The Historic Kinsol Trestle




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If you’re a railroad buff and visiting Vancouver Island, you might want to check out the historic Kinsol Trestle. It is a restored railroad trestle on the old abandoned CN Rail line and now part of the Trans Canada Trail.

The trestle is truly a marvel to see. The largest railroad trestle in the British Commonwealth and one of the largest in the world, it stands 145 feet above the Koksilah River with a span of 614 feet (0.187 km). It is also notable for its seven degree curve.

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The Kinsol Trestle is the largest railroad trestle in the British Empire and one of the largest in the world.

It is fairly easy to get to – just 48 kilometres from Victoria, British Columbia, about an hour drive. Head north up the Malahat Highway and turn off onto Shawnigan Lake Road. We were staying with friends in Cobble Hill when we went and it’s a short thirteeen kilometres from there, also along Shawnigan Lake Road which forms a big arc beginning and ending on the Malahat. That route will take you right past Shawnigan Lake School, the world renowned private school. The trestle is just seven kilometres from the school.

Work on the original Kinsol Trestle began in 1914 but was halted due to World War I. Work resumed late in 1919 and the twelve story structure was completed in 1920. It served mainly as an industrial road carrying timber and other materials. Although it crosses the Koksilah River, its name is actually a portmanteau of the King Solomon copper mine which operated near by. It is also called Koksilah River Bridge.

Modern timber train crossing the trestle. The last crossing was in June 1979.
Modern timber train crossing the trestle. The last crossing was in June 1979.

The rare passenger train crossing the trestle included 1954 excursion from Victoria to the Cowichan Valley carrying a load of railroad enthusiasts attending the national Model Railway Convention. The train stopped there on that occasion so the rail buffs could get out and take pictures.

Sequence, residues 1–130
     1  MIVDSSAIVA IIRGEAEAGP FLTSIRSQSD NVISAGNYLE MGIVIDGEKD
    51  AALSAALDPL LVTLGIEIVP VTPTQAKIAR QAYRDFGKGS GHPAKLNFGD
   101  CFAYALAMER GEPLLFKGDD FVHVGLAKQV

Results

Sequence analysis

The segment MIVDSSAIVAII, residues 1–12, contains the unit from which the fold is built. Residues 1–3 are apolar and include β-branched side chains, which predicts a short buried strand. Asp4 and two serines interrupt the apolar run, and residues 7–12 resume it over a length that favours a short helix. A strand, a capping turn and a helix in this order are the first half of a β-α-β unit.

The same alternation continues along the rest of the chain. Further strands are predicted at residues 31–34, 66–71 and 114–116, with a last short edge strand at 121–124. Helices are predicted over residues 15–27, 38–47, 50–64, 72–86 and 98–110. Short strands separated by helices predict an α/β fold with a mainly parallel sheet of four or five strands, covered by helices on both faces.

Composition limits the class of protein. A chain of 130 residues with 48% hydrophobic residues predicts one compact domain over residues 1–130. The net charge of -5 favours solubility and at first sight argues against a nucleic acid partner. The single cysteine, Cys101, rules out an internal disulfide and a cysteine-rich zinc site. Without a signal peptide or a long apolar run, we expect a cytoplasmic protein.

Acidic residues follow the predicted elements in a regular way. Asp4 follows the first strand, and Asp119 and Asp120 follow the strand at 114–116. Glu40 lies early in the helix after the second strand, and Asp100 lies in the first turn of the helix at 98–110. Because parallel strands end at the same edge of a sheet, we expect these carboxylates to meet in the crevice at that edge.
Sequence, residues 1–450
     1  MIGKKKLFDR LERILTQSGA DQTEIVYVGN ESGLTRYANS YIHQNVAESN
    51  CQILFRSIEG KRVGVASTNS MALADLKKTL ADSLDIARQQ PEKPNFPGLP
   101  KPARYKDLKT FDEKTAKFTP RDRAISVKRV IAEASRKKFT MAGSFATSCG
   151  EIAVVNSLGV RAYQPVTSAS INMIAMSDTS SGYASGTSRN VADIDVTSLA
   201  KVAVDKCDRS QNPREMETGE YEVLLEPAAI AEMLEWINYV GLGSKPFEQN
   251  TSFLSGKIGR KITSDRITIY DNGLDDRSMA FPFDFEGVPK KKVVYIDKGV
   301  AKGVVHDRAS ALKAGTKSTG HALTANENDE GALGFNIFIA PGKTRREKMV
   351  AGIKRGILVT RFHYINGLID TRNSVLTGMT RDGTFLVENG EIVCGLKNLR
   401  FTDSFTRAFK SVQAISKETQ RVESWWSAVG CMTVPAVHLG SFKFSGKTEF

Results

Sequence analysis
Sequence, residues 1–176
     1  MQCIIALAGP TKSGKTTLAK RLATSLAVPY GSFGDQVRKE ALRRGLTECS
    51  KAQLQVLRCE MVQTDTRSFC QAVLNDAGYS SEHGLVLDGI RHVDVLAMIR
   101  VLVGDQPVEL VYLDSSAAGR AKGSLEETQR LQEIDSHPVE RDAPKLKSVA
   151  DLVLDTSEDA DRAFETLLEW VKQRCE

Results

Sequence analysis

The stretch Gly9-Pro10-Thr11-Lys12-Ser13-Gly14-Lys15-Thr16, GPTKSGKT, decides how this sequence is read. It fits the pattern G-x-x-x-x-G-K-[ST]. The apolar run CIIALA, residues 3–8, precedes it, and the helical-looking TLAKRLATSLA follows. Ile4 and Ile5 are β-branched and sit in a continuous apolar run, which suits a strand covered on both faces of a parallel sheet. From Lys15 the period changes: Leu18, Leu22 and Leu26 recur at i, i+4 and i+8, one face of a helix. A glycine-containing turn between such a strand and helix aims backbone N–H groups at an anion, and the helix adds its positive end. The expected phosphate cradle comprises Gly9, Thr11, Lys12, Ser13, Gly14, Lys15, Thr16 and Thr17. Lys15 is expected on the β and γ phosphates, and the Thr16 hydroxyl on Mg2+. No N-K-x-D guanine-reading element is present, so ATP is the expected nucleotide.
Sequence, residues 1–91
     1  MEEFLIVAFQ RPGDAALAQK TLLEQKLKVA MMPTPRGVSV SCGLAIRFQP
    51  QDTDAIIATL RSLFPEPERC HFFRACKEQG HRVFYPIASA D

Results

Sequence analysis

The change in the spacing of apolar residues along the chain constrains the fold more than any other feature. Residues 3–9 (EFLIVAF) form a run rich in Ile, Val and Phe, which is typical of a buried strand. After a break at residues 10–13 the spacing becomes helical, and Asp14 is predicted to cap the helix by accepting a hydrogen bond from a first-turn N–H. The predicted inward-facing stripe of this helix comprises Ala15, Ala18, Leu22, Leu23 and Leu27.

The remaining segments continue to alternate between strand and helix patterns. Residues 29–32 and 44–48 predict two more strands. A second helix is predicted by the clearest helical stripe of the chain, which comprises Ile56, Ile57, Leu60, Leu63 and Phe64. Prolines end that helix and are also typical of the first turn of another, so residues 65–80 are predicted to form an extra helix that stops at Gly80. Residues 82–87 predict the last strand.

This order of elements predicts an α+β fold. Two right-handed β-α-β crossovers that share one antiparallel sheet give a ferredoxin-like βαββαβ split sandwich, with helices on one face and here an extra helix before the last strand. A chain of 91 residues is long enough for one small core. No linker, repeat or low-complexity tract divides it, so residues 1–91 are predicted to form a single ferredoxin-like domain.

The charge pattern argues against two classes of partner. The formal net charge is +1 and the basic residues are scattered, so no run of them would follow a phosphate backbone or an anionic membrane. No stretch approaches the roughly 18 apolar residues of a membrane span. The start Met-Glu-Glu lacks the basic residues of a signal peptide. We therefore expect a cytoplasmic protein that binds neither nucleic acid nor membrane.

A rare crossing of the trestle by a passenger train. This one was filled with model railroad enthusiasts.
A rare crossing of the trestle by a passenger train. This one was filled with model railroad enthusiasts.

The last train crossed in the summer of 1979 and the bridge then fell into disrepair. In 2008, after lobbying from various historical societies, three levels of government and a private trust combined resources to rehabilitate the landmark bridge. It reopened in 2011 as part of the Trans-Canada Trail.

Now the trestle is part of the Trans canada Trail. Tracks have been replaced by a boardwalk.
Now the trestle is part of the Trans Canada Trail. Tracks have been replaced by a boardwalk.

From the parking lot, the trestle is a short hike along the abandoned rail line, now part of the trail. The walk is fairly flat.

At the trestle, you can go down to a lookout on the south side, or hike right down to the bottom on the far side. As high as a twelve story building, it is most impressive.

Looking up at the trestle from below
Looking up at the trestle from below

We spent a good hour at the trestle and then continued with a visit to Cowichan Bay, a quaint little seaside town of houseboats, fishboats and artisan shops. I’ll write about that in a future post!

Click on the link below for additional photos, or if you are on the home page, just scroll down.

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Photo Gallery: The Kinsol Trestle




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Here are some additional photos of the Kinsol Trestle.

The Kinsol Trestle spans a salmon spawning river in rural Vancouver Island.
The Kinsol Trestle spans a salmon spawning river in rural Vancouver Island.
Looking down at the river below from the top of the bridge
Looking down at the river below from the top of the bridge
The Koksilah River
The Koksilah River
The Kinsol Trestle
The Kinsol Trestle
The trestle is a truly massive structure, one of the largest trestles in the world.
The trestle is a truly massive structure, one of the largest trestles in the world.
Janis and Sheila under the trestle.
Janis and Sheila under the trestle.
The bottom of the trestle
The bottom of the trestle
Looking straight up from below.
Looking straight up from below.
The lower part of the span that crosses the river.
The lower part of the span that crosses the river.
The Kinsol Trestle
The Kinsol Trestle
Photo of old train crossing the trestle.
Photo of old train crossing the trestle.
One last look at the Kinsol Trestle
One last look at the Kinsol Trestle




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